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Weather fronts can impact fishing

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Local angler Charlie Morris (right) took young Hunter Howard (left) out fishing for perch.

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By Mike Sweeney
Columnist

Friday, August 11, 2017

The heat these past few weeks has been brutal with temps in the mid-90s and high humidity it has been hard to get out and enjoy a day on the water but this past week the wind has switched and some rain has moved our way and that means the fishing will be better.

Cold fronts and afternoon thunder storms can change the way fish move and feed this time of year for a few reasons including falling barometer, falling water temperatures and higher oxygen contents.

In the dog days of summer the water can become stagnant and the algae blooms will begin especially in the creeks. We have all seen it when the water becomes green on the surface and moves with the tide but what you may not know is that the algae is usually a sign that the oxygen levels are low in that particular body of water.

When you see these types of water conditions move down stream till you see it begin to clear then start to fish.

The fish will travel for miles if it means more comfortable water and the bait will also move with them so they need to avoid these water in order to survive.

What the rain will do is help replenish the levels of oxygen with fresh water so it is like coming in from the summer heat into your air conditioner in your house for bass and their forage.

The best times to fish an approaching front is just before it arrives and right after the storm has passed because when it is moving in the barometer is falling which takes the pressure off the swim bladder and basically makes the fish more comfortable.

The more active the fish the better the fishing is for you.

After the storm passes the water is cooler on the surface and is rich with oxygen so the fish tend to move shallow and feed. Top water baits like Pop-Rs, buzz baits and Whopper Ploppers are the go to baits in our rivers.

Look for bends in the rivers and creeks where the current moves close to the bank then look for structure like lay downs and stumps.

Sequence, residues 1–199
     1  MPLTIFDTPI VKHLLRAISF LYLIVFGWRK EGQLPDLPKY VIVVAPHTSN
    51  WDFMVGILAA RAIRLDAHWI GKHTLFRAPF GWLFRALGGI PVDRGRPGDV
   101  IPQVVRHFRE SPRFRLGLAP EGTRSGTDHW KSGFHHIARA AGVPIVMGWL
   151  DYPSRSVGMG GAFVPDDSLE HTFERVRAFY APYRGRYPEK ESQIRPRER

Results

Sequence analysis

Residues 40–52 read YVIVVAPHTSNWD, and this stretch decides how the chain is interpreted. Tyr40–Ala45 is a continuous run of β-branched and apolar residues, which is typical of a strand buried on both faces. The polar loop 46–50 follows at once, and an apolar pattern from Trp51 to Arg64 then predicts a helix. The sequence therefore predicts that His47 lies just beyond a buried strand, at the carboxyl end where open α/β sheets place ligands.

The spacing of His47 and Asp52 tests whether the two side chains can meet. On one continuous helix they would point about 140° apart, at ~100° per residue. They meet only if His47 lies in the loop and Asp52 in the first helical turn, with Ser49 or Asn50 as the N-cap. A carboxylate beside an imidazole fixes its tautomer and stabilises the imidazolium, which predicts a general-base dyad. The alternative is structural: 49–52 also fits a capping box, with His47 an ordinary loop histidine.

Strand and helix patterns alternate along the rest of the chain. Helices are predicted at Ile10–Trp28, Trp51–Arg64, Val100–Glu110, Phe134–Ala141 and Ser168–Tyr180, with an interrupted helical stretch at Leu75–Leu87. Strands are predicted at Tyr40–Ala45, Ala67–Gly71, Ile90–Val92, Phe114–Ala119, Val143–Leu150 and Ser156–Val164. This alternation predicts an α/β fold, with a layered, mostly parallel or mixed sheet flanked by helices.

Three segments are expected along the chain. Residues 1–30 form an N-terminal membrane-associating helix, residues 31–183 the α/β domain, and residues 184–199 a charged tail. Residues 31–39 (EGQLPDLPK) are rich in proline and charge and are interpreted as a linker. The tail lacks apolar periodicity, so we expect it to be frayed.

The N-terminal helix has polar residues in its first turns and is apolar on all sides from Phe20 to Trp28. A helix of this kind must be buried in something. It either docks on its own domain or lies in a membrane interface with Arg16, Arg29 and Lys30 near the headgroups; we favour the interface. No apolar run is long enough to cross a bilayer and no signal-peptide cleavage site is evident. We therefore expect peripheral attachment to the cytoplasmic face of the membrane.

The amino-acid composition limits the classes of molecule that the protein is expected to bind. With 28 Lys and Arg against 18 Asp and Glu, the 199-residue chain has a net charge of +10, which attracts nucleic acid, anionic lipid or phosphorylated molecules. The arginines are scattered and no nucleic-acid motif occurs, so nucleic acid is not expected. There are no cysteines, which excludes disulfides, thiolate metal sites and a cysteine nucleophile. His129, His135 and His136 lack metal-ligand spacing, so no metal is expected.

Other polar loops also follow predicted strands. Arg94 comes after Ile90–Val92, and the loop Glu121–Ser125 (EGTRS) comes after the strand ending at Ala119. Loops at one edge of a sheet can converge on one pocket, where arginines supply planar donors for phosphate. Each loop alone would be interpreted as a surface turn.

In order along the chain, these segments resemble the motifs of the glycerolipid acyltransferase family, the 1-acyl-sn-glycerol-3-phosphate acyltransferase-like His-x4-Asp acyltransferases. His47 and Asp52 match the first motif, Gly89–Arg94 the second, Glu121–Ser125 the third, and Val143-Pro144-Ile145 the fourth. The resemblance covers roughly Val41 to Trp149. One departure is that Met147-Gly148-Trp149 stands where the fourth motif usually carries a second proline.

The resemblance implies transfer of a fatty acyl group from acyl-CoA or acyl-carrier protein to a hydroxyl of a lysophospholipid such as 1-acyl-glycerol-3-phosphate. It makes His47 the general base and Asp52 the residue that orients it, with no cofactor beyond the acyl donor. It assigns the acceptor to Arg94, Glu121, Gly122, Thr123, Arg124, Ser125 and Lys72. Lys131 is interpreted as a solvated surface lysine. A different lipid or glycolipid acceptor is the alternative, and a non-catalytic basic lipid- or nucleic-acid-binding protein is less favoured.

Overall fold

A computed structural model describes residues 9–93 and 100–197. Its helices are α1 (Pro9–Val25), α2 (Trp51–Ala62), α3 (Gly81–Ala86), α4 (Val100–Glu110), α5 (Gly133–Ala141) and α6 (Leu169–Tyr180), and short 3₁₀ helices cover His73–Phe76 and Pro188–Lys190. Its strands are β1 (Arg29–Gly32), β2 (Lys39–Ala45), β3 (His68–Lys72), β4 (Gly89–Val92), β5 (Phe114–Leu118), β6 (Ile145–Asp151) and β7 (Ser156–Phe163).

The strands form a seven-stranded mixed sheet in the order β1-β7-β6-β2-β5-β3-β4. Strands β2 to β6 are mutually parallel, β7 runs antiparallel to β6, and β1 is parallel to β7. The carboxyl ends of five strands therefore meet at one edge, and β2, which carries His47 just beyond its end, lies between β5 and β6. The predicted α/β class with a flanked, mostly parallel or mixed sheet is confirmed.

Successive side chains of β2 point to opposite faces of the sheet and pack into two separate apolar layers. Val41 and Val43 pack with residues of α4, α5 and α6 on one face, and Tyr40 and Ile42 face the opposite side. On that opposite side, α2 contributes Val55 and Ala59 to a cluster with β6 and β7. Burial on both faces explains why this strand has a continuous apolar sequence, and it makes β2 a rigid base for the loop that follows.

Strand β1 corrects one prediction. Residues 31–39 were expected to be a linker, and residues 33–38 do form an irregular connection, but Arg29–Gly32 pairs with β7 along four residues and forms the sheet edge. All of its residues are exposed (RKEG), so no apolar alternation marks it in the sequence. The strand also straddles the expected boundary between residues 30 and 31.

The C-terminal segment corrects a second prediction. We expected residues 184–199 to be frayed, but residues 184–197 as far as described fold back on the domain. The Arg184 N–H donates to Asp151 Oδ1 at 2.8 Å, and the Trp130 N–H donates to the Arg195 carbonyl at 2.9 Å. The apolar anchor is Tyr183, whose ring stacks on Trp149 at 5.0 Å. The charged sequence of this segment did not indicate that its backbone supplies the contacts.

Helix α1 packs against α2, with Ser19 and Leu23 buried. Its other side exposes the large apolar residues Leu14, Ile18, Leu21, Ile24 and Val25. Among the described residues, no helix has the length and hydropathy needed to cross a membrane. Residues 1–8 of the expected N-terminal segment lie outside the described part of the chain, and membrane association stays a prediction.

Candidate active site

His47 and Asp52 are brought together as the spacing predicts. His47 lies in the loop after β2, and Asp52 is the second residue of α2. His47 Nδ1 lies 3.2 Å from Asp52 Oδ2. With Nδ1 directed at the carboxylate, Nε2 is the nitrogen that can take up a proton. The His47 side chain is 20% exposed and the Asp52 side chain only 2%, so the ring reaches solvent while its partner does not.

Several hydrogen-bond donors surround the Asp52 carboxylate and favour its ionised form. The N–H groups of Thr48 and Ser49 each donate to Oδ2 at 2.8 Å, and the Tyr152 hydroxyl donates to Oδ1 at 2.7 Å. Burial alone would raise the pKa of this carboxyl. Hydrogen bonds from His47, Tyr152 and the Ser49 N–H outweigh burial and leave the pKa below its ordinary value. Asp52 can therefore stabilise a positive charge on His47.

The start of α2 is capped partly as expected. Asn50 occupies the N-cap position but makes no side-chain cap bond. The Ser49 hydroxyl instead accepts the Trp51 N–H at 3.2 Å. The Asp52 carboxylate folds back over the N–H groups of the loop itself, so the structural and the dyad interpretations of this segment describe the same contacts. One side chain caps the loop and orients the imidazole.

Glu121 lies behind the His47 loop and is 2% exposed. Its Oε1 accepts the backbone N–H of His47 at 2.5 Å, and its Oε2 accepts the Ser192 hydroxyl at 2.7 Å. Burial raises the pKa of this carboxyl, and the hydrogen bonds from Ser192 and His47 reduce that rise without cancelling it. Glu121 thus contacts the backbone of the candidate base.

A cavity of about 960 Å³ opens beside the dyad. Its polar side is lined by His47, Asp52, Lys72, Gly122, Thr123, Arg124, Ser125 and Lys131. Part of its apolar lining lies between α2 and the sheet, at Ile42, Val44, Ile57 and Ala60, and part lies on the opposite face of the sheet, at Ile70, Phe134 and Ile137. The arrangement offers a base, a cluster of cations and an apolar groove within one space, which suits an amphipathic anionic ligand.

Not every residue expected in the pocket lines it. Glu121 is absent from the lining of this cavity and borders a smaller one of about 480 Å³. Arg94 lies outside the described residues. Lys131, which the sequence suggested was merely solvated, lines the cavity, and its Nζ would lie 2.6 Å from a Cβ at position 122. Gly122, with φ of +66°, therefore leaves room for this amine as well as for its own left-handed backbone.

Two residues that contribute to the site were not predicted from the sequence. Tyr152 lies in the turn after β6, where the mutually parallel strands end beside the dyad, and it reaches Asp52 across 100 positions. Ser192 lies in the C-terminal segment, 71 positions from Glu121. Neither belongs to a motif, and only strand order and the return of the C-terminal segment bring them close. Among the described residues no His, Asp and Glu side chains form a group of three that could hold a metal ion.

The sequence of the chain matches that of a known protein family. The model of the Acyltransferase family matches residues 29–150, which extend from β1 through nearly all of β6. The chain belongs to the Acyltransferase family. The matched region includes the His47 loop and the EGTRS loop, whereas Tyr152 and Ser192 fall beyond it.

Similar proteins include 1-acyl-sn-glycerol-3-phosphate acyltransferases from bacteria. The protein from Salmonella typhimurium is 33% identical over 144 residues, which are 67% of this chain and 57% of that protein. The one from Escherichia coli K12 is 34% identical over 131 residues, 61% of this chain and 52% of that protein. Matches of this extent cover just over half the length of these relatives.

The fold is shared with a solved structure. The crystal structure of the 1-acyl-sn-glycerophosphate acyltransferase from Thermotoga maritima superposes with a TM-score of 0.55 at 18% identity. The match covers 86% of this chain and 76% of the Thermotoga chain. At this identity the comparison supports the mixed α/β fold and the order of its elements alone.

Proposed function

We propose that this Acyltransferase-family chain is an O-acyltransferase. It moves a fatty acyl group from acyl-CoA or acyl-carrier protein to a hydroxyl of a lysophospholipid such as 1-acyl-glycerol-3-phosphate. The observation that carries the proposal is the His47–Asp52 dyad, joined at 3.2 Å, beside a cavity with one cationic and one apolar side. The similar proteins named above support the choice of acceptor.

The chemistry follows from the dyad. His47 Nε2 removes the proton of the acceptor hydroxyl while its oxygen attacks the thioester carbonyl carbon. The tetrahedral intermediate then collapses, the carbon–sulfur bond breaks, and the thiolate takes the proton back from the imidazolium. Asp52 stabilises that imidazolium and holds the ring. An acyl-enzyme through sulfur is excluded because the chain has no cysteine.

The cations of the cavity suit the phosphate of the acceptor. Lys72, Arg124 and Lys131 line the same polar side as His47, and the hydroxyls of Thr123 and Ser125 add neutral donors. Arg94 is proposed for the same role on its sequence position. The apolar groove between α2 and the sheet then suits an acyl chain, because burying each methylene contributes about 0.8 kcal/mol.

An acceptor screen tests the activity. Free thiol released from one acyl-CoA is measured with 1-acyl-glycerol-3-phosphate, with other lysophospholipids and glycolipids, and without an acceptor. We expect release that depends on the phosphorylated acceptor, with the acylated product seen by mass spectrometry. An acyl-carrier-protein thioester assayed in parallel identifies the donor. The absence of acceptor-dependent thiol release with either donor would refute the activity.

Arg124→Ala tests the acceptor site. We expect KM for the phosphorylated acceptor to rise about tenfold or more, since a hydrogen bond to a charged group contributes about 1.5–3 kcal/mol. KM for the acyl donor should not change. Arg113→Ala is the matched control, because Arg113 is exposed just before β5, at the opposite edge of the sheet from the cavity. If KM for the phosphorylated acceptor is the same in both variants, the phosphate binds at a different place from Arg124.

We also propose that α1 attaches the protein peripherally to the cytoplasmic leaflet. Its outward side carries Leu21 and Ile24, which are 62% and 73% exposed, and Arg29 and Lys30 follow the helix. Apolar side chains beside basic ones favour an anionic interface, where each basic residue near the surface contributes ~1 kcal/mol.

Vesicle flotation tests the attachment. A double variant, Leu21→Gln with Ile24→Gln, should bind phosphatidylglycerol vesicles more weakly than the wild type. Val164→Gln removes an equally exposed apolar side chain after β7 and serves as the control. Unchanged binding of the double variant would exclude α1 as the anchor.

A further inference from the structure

Anything that breaks the water movement will hold a bass and try to keep the boat moving into the current. Cast upstream and bring the lure down the bank with the water movement. The fish tend to use the break for ambush spots and if you find a good spot they will come back to that structure time after time.

What’s biting, where...

The offshore fleet was hard at work this week with lots of tuna action for our local captains.

We had limits of yellowfin on a couple of days along with some blackfin and the big eye tuna are still hanging around with one fish almost hitting the 200 mark. The wahoo are also in the mix and some of them are big ones also.

The billfish have shown up in time for the Pirates Cove tournament with good amounts of blues, whites and sails coming to the boats that have been looking for them.

On the beaches and piers it is still a little slow but the water temps are in the mid-70s which usually means good fishing this time of year.

I am sure that if you put in enough time you can find them because some blues and mullet are around. The flounder are here and there in the surf along with the occasional trout but in general it is slow.

Locally we have had better luck with some of the best largemouth fishing we have had in years.

The top water bite is on fire with massive strikes coming from underneath the lures.

Buzz baits, Pop-Rs and Wopper Ploppers are the baits of choice and don’t be afraid to fish them all day because the area has a large amount of dragon flies and a locust hatch going on which keeps the fish looking for surface lures longer than just in the morning.

The white perch are still on fire also with most fish hanging around the drop offs in 5 to 7 feet of water.

Uncle Jessie lures and white Beetle Spins tipped with shrimp have been the payoff lures for these fish.

Local angler Charlie Morris took young Hunter Howard out fishing for perch and Hunter scored big using the Uncle Jessie.

Once you find the fish there seems to be a lot of them so when you get a bite in an area slow down and fish it till you know you have caught them all then move to a similar target. Good work Hunter and keep those reports coming.

If you get out this week make sure you send me some pictures and a report like Hunter did to fishingwithmike921@yahoo.com or hit me up on Facebook at Fishing with Mike.

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